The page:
Saturday, January 27, 2007

Overall plan urged to reclaim streets

School role key, LAUSD board told

BY NAUSH BOGHOSSIAN, Staff Writer LA Daily News

01/23/2007 - The Los Angeles Unified School District board received a briefing Tuesday on a new report that calls for a Marshall Plan-like solution to end gang violence in Los Angeles.

The report from Connie Rice, a civil-rights attorney who chairs the district's bond oversight committee, has already been presented to a city gang committee and will go to the full City Council.

Rice said school district involvement in a cohesive strategy - akin to the comprehensive Marshall Plan in which moribund economies of post-World War II Europe were rebuilt - is key to helping solve a problem that costs taxpayers and victims more than $2 billion a year.

After failures in anti-gang efforts that failed to stop a sixfold increase in gangs in 30 years, the answer lies in addressing conditions that spawn gang activity, Rice said. The goal, she said, is to make law enforcement the last rather than the only resort.

"Suppression and law enforcement are critical, but alone you can't do this. Your schools are central to any solution," she said.

The LAUSD could keep its schools open after classes as community centers and safe havens for students, Rice said.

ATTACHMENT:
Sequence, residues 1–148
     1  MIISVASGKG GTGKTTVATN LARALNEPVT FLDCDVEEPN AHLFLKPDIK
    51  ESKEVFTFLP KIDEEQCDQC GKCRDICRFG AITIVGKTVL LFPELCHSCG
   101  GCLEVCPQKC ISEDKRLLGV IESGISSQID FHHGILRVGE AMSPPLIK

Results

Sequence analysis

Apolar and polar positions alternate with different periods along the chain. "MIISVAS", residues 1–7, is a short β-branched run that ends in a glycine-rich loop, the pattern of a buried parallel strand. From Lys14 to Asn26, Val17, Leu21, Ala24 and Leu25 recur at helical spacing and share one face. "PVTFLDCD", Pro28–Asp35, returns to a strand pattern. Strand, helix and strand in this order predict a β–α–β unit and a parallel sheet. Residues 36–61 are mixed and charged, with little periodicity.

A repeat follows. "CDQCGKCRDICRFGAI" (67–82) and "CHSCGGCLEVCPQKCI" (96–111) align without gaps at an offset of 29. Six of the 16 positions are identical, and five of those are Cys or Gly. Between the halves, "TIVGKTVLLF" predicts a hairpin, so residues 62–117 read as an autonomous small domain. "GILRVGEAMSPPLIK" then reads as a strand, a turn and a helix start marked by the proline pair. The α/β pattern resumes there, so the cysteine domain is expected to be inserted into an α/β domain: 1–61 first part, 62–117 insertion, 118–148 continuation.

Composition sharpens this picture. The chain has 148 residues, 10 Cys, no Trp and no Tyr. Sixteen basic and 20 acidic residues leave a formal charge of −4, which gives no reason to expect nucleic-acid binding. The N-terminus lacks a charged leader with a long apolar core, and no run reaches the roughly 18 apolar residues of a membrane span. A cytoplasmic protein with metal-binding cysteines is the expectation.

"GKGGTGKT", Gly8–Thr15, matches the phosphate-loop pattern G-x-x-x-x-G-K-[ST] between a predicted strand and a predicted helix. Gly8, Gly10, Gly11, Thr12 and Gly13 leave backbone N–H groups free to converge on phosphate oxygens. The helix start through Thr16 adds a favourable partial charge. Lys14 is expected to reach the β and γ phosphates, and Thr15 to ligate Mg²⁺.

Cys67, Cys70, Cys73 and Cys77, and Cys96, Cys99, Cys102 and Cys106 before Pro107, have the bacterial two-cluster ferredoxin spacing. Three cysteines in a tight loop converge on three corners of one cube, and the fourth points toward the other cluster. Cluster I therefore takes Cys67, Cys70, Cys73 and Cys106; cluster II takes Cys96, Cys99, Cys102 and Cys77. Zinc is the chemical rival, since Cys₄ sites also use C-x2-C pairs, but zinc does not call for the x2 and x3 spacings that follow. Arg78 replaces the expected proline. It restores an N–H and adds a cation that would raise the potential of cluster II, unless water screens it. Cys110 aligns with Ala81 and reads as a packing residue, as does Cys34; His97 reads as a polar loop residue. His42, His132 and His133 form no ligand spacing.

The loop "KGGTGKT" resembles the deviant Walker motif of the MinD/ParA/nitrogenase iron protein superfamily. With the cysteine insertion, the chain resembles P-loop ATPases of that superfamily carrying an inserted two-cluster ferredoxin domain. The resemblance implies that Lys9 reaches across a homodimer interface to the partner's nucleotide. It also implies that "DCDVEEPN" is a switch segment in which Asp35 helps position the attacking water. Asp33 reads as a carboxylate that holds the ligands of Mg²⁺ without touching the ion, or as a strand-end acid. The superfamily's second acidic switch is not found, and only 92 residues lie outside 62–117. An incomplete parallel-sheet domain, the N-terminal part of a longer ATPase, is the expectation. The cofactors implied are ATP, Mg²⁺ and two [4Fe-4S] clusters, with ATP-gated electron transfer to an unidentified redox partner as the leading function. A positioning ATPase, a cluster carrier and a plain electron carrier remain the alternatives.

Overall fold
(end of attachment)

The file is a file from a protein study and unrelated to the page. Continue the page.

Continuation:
She cited a study that revealed that post-traumatic stress disorder levels among LAUSD students were as high as those of students in Baghdad after the U.S. invasion.

School board member Mike Lansing said he looked forward to playing a major part in a plan, but suppressing gang activity requires more than just keeping doors open after school.

"We have to do more than keep them busy and satisfied. ... We must as a city develop teen centers and comprehensive teen programs," he said.

Board member Julie Korenstein said job training will be crucial in giving students alternatives to gangs.

Mayor Antonio Villaraigosa has said the LAUSD's involvement is critical.

District Superintendent David Brewer said a major collaborative effort is needed among agencies.

"It's going to be a massive effort, and it's going to take a lot of detail - down to the hour, down to the minute," he said.

1 comment:

Linda Slater said...

See LA Times front page story on Feb. 8, 2007 on Mayor Villaraigosa's announcement naming Los Angeles' 11 worst gangs and note Linda Slater's open letter to the Mayor on http://latimes.com/schoolme blog